SUNSHINE Coast Community Financial Services Limited posted dividends to shareholders this year for the eighth in a row.
SUNSHINE Coast Community Financial Services Limited posted dividends to shareholders this year for the eighth in a row.

The little Coast bank that could

A SMALL bank owned by the Sunshine Coast community is posting big profits for its shareholders this year, proving that sometimes big is not better.

Sunshine Coast Community Financial Services Ltd (SCCFSL) posted cheques totalling $119,296 in dividends to its 800 shareholders after its recent AGM.

"The directors of SCCFSL decided the dividend is just reward to all the shareholders who initially funded the establishment of the branches,” chairman Rick Cooper said.

"They've enthusiastically watched their development and business revenue has grown every year since our inception.”

It's the eighth year in a row that dividends have been made for shareholders since the bank started 14 years ago. Even through the Global Financial Crisis, dividends were made, Mr Cooper said.

The community bank is part of the Bendigo Bank network, which is the fastest-growing network in the country in terms of new branches, he said.

"There's something big going on here, called community banking,” he said. "It's amazing.

"It's the most wonderful model that I've ever come across. Everyone benefits from it. The shareholders benefit, the community benefits.”

A total of $2.46 million has been invested in the community since the community bank started. This includes sponsorships of school and community projects as well as dividends to shareholders.

Mr Cooper said when the "big four” banks (Commonwealth, Westpac, ANZ and NAB) closed many regional branches about 15 years ago, a new community banking model began because there were "towns that were left with no bank”.

"Because the bank is owned by the community, the community is the one that drives whether the bank will be started or not,” he said.

He said it was great news for the Coast.

"Very few publicly listed companies are owned by the Sunshine Coast community,” he said. "Really the only ones are these local banks.”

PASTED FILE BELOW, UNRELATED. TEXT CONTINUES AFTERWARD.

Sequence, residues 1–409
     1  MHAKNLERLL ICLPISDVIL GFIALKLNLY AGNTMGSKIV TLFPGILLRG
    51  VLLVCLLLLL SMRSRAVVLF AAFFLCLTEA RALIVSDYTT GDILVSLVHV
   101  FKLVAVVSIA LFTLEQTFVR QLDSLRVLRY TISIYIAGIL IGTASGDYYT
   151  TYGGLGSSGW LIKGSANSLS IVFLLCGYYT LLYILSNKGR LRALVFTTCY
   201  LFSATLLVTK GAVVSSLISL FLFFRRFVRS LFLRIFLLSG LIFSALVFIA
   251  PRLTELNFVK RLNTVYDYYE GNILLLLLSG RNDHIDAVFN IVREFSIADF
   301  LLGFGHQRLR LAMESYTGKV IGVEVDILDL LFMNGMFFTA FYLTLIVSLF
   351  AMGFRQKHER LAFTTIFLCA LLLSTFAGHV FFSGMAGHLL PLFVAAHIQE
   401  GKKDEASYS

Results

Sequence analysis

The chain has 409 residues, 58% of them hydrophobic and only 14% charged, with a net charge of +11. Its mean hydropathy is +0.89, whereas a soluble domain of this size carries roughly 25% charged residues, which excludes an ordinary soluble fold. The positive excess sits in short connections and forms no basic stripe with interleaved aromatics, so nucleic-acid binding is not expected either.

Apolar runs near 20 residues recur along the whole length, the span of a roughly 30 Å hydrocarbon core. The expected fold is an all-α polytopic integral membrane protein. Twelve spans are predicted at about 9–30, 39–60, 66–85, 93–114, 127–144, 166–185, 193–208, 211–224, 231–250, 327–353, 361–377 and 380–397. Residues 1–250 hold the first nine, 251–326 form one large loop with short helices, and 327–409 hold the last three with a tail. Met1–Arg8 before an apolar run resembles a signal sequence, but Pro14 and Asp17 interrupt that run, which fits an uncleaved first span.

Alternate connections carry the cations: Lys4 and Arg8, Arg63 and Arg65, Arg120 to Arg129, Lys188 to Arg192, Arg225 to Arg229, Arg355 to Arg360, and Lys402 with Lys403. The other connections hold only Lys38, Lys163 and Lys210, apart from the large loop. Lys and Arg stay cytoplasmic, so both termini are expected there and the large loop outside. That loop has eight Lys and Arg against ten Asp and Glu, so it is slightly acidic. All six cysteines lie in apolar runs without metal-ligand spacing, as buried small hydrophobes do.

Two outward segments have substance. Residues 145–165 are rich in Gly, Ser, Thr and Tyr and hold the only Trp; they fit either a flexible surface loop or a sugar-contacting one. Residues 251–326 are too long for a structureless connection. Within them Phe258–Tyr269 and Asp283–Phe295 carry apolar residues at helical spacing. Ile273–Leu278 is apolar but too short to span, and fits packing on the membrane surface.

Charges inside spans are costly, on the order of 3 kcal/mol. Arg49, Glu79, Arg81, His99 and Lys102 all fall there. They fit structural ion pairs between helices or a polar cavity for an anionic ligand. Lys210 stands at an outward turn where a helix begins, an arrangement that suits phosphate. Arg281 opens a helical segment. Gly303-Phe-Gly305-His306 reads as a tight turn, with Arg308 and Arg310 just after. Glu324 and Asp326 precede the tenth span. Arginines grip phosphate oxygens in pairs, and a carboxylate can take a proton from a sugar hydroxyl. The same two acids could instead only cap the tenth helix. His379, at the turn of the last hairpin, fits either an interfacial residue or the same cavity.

The bank was in the midst of its biggest growth yet, he said.

"It's happening because there are many disgruntled big four customers who are despairing of lack of service and when they walk into one of our banks, it's like a breath of fresh air for them,” he said. "That's one reason.

"Another is we're open 9-5 which is very convenient to customers.”

The bank, which has branches at Cooroy, Marcoola, Tewantin and Pomona, now has 13,000 members after opening in 2002.

It also holds deposits and loans to the value of $340 million.

"We had no customers at all - now we have 13,000,” he said. "You tell me any business that can beat that and I'll be very interested.”

He said the bank consistently paid "very high dividends” but members also trusted it because "it's owned by the community”.

"The bank and the community are really one and the same thing. Profits go back to the community.

With 300 community banks, each with their volunteer boards of management, we're creating a "wonderful model” for banking, Mr Cooper said.

"It's a pretty successful story really and we're lucky to be part of it.”


The total funds given back to the Coolum and North Shore and greater Noosa communities has now exceeded $2.1 million. Recipients include:

  • Coolum Civic Centre refurbishment
  • Marcoola Rocks Australia Day celebrations
  • North Shore Community Centre
  • Peregian Beach Community House
  • Street and artscape projects in the Marcoola town centre

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